It is particularly interesting to see how Burroughs in this series of OP-ED pieces  thinly disguised as columns gave it his best effort to seal Hickman’s fate.   Hickman’s guilt was never in doubt but his counsel presented one of the earliest attempts at the insanity defense.  Not only did Burroughs not buy into Hickman’s defense attorney’s contention that their client was insane, Burroughs protested that he didn’t see any need for a trial at all.  And Burroughs sarcasm was evident when he mocked the defense’s dermatography demonstration by trying it at home with his own son. In the test actually performed at the trial, Hickman removed his shirt and his skin was scratched with a metal object.  According to the defense in explaining the significance of dermatography, a bright colored long lasting mark was supposed to prove mental instability.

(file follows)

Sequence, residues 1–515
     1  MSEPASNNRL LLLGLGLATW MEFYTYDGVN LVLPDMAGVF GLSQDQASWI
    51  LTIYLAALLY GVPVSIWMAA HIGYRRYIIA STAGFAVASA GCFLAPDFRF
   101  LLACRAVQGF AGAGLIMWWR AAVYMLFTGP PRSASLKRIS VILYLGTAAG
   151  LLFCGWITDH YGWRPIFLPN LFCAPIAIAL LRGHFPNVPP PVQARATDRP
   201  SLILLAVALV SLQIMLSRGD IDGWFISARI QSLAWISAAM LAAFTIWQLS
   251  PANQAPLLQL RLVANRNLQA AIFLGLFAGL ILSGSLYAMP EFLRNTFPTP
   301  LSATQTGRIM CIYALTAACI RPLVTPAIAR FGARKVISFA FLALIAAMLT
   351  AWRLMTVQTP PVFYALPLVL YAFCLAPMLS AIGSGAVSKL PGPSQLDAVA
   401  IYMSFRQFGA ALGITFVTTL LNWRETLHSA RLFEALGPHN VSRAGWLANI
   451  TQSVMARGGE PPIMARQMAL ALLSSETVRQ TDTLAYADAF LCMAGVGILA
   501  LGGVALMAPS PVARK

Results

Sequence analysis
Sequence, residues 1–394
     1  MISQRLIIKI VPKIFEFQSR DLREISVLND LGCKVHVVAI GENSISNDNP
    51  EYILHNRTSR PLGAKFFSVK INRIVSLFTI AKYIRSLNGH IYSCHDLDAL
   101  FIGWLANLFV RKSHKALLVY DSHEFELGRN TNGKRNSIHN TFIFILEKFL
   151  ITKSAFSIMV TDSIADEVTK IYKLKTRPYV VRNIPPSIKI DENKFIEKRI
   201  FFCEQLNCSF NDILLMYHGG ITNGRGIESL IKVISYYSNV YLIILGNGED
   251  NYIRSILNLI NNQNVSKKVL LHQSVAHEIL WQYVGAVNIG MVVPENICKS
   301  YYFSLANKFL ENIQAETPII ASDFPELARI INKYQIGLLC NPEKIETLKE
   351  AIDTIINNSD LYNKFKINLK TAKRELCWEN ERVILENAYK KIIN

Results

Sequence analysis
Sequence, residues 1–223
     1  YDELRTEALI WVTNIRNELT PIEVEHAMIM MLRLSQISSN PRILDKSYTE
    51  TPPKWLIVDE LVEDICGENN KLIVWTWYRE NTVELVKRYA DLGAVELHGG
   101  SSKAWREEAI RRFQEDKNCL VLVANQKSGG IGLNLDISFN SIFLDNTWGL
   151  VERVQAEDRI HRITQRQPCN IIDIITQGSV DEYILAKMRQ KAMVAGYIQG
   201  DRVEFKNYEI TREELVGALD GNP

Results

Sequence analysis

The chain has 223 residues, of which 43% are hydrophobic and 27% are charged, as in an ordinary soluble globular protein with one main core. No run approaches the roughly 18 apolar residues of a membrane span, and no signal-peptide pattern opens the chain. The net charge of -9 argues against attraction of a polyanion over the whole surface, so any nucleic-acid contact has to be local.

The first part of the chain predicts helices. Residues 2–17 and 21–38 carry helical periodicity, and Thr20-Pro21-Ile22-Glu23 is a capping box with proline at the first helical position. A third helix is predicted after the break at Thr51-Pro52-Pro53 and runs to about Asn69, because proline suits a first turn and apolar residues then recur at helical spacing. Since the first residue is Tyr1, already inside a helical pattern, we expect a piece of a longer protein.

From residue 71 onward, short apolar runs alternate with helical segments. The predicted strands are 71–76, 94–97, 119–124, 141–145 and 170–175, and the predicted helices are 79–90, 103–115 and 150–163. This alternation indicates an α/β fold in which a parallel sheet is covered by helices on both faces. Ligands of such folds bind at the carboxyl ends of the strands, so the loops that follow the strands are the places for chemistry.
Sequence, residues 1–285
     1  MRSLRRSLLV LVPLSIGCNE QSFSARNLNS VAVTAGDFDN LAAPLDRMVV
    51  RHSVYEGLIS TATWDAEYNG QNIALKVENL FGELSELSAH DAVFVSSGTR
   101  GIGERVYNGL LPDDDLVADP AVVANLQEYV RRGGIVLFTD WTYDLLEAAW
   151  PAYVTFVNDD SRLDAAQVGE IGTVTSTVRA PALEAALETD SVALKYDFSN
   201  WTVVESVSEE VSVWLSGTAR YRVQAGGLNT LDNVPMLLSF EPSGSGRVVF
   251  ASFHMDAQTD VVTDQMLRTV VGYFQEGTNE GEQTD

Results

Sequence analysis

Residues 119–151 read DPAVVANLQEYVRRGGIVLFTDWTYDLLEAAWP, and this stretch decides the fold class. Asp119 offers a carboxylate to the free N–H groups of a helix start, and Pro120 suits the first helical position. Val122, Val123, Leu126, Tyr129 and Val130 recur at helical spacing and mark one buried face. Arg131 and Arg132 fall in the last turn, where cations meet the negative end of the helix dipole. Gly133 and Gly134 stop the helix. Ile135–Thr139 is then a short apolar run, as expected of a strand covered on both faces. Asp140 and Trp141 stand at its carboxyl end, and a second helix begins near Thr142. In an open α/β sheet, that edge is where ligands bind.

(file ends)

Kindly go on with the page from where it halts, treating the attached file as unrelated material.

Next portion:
Edgar Rice Burroughs in 1934